Regulation was once a tech taboo. Now it has advocates in the unlikeliest quarters.
“I believe in the free market deeply,” said Apple CEO Tim Cook last week. But “when the free market doesn’t produce a result that’s good for society, you have to ask yourself: What do we need to do? And I think some level of government regulation is important”.
The scramble is now on to work out what ‘some level’ of regulation looks like. Initiatives are proliferating. And after his predecessor got fed up with being snubbed by self-regulating tech companies, the new Secretary of State for Digital Culture Media and Sport, Jeremy Wright is preparing a White Paper on new rules for the internet.
It’s rare to find the forces of business, government and civil society all aligning around a common hunger to regulate. And it’s vital that we don’t blow this propitious moment with opportunistic ‘something must be done’ stunts.
Today Doteveryone publishes Regulating for Responsible Technology – proposals for systematic change to the way that we regulate digital technologies. Our aim is to switch from haphazard attempts to whack-a-mole harms – from social media levies, to age verification for porn to limiting screen time for kids – towards a forward-looking approach to regulation that directs technologies for the public good.
To do this we recommend establishing a new, independent body, the Office for Responsible Technology. The Office will sit above the existing regulatory system and will have three responsibilities: to empower regulators; inform policymakers and the public about the benefits and harms of technology; and help people seek redress from technology-driven harms.
As a steward for the system, this body will lead independent reviews of all regulators’ powers and resources and recommend where they should be updated or what new organisations are required. This will allow it to settle immediate problems like the ‘standards lottery’ around social media content that Ofcom’s CEO Sharon White highlighted last month – but also allows for across-the-board reform of the UK’s 90 regulators.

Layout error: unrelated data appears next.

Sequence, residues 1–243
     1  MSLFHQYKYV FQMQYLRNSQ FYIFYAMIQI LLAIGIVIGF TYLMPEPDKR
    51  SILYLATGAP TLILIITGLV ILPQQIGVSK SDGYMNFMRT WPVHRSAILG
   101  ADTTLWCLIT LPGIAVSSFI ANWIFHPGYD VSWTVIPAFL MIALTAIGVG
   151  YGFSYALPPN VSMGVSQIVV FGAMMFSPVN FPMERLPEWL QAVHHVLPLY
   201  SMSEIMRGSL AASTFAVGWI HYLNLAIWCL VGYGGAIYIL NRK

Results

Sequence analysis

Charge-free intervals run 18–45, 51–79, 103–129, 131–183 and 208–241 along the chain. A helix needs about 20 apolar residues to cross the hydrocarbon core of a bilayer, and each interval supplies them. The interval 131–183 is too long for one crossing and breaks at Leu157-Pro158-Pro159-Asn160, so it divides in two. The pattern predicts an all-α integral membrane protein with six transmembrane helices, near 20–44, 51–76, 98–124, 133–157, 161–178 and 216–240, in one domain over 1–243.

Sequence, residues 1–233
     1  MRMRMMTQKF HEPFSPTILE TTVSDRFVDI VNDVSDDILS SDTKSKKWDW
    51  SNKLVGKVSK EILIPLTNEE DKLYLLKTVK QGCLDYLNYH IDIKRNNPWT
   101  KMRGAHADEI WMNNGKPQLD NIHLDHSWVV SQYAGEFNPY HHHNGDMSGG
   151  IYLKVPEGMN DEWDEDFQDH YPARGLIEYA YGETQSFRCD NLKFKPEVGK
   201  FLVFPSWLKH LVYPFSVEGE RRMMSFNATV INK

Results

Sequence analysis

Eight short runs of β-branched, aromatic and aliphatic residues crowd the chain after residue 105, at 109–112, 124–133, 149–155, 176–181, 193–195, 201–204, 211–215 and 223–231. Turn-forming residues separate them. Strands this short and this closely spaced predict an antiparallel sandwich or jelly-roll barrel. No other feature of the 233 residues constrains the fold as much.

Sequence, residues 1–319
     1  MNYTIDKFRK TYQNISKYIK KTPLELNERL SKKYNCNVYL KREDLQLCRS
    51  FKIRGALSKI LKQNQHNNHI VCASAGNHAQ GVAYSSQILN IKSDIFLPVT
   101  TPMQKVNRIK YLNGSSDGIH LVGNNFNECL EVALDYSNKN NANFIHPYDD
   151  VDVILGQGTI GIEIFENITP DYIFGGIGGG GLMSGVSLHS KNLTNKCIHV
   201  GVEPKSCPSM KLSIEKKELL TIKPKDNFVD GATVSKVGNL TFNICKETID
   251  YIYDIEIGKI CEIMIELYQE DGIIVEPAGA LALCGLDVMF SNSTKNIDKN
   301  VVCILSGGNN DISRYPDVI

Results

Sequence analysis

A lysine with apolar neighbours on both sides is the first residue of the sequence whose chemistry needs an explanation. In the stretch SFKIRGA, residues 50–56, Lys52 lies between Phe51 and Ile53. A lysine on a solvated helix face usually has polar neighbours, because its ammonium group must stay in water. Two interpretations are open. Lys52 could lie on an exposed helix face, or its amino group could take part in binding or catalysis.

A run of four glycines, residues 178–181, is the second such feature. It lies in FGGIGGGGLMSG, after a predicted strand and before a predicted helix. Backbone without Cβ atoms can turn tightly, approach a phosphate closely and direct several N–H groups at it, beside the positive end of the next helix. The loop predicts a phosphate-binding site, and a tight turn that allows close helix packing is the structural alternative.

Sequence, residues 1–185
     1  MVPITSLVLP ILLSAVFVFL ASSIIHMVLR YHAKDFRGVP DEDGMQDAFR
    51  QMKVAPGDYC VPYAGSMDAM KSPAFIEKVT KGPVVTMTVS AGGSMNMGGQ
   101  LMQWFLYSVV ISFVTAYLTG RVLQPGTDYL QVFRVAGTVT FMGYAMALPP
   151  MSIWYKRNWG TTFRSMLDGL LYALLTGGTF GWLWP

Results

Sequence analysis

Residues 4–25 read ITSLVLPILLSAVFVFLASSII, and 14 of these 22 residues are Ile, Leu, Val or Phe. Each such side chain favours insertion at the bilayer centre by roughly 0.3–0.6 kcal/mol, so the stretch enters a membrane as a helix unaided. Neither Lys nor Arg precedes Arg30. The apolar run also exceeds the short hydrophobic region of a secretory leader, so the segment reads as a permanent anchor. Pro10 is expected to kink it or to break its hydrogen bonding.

From the Competition and Markets Authority to the Electoral Commision, our research found most regulators are struggling to adapt to the existing impacts of technological change, let alone anticipate future challenges. That’s why we also give the Office responsibilities for foresight on emerging issues and a hub of tech experts who will collaborate on how to adapt regulators’ work for a digital world.
The second role of the Office for Responsible Technology is to create credible evidence on the benefits and harms of technology. Currently, politicians invent initiatives based on the experiences of their adolescent children. Meanwhile, tech companies’ own attempts to address harms fail to convince because there’s no benchmark to measure against. It’s time to switch from anecdote-based to evidence-based policymaking in tech.
So the Office will co-ordinate timely research to underpin and evaluate policy – but also to help the public with clear, understandable guidance. Doteveryone’s People, Power and Technology survey found the public struggles to understand how technologies work and though 92% would like a single source of information about their online rights, only 28% know where to go to for help.
Finally, the Office will help people to hold their tech providers to account. Money Saving Expert Martin Lewis’ frustration with Facebook’s response to his complaints about the use of his image in fake ads is emblematic of the digital disempowerment the public faces. We recommend the Office has the power to audit tech complaints procedures and provide backstop mediation where needed.
These three functions – capacity, evidence and redress – create a resilient infrastructure for regulation to test and learn so that it can grow and adapt alongside digital technologies. The recommendations we make are both practical and implementable.
So let’s seize the momentum to tackle technology – and use it to make change that is both radical and sustainable. That way we can tackle our problems today, and the ones we don’t yet know lie around the corner.
Catherine Miller is Director of Policy at Doteveryone, a think tank that champions responsible technology for a fairer future.